The most dangerous poisonous creatures you are likely to meet in popular swimming areas are jellyfish. Some of the ones found around Maltese waters can cause great pain and leave scars. The Mauve Stinger or Pelagia noctiluca is the most commonly found in our waters and has a painful sting; meanwhile, 'the fried egg' jellyfish appears around September and is harmless. If stung, treat as described for the Portuguese man o’ war.
12. The sea urchin (Rizza), Echinoidea
The stony sea urchin is a common hazard, as its spines get lodged in your foot if stepped upon. Common colours include black and dull shades of green, olive, brown, purple, blue, and red, so look out before you step on rocks. If you tread on one of the spines, extract it with tweezers; and take care not to crush a spine embedded under the skin - it may become impossible to remove.
But don't panic!
This all being said, there is no need to panic. The most common hazards are the relatively innocuous sea urchin and the jellyfish. The fireworm and morray eel probably come up next. Scorpion fish are mainly found around rocky areas, whereas stingrays prefer sandy bottoms, although they tend to swim away as the sea fills with swimmers. The other species are not so commonly found in close proximity to the shores, especially within beaches frequented by masses of people - but divers and fishermen should take care.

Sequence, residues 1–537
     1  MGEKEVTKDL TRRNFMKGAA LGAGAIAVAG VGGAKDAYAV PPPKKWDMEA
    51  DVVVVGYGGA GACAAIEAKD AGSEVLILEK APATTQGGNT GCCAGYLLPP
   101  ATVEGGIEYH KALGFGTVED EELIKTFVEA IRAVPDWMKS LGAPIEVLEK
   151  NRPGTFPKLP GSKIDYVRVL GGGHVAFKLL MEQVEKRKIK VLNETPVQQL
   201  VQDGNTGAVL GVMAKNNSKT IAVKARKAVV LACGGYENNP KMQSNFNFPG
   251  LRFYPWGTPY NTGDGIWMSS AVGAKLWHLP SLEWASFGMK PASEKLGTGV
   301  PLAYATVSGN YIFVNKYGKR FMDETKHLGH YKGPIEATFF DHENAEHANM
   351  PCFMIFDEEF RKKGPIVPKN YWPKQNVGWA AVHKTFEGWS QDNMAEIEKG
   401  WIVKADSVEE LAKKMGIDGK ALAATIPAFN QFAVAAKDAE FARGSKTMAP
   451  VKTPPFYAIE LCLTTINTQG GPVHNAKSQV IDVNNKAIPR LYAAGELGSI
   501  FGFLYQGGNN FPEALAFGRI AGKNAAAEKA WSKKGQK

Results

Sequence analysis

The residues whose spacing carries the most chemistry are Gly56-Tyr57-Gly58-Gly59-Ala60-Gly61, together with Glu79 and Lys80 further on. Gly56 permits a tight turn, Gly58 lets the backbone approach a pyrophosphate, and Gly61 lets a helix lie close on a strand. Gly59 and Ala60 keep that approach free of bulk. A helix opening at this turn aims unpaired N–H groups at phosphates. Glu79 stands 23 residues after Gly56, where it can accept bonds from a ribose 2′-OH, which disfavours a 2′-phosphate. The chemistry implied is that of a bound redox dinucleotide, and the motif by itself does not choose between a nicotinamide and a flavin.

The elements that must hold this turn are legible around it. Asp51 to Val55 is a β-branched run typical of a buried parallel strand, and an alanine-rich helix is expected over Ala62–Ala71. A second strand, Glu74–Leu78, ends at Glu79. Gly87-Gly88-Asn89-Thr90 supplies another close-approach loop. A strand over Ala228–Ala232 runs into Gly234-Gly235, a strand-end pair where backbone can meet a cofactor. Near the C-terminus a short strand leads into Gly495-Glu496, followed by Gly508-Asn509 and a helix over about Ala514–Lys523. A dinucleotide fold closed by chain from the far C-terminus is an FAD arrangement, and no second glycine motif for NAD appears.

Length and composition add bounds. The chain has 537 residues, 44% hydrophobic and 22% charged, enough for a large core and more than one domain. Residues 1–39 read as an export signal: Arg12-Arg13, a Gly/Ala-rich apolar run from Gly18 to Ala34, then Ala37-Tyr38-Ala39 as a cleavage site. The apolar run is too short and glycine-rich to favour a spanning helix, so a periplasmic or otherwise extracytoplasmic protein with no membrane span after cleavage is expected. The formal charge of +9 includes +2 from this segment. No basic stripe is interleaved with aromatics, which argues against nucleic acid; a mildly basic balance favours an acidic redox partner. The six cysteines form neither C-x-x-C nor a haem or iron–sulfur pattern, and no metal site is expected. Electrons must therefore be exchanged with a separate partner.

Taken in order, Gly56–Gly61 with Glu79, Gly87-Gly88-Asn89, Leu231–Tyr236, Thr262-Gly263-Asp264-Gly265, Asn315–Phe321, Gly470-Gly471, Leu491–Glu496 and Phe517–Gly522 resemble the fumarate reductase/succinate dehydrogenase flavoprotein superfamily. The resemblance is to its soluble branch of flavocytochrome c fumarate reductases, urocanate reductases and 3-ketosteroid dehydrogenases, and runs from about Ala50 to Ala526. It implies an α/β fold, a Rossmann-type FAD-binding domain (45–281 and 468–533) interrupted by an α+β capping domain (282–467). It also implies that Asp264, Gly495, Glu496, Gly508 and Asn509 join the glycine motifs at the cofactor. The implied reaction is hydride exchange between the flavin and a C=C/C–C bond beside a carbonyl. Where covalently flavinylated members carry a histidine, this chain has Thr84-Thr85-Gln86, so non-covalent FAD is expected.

In any case, most of these fish don't directly attack humans, they just lie there and one has to disturb them or step on them to get stung or bitten. So with a little care, you can easily stay safe!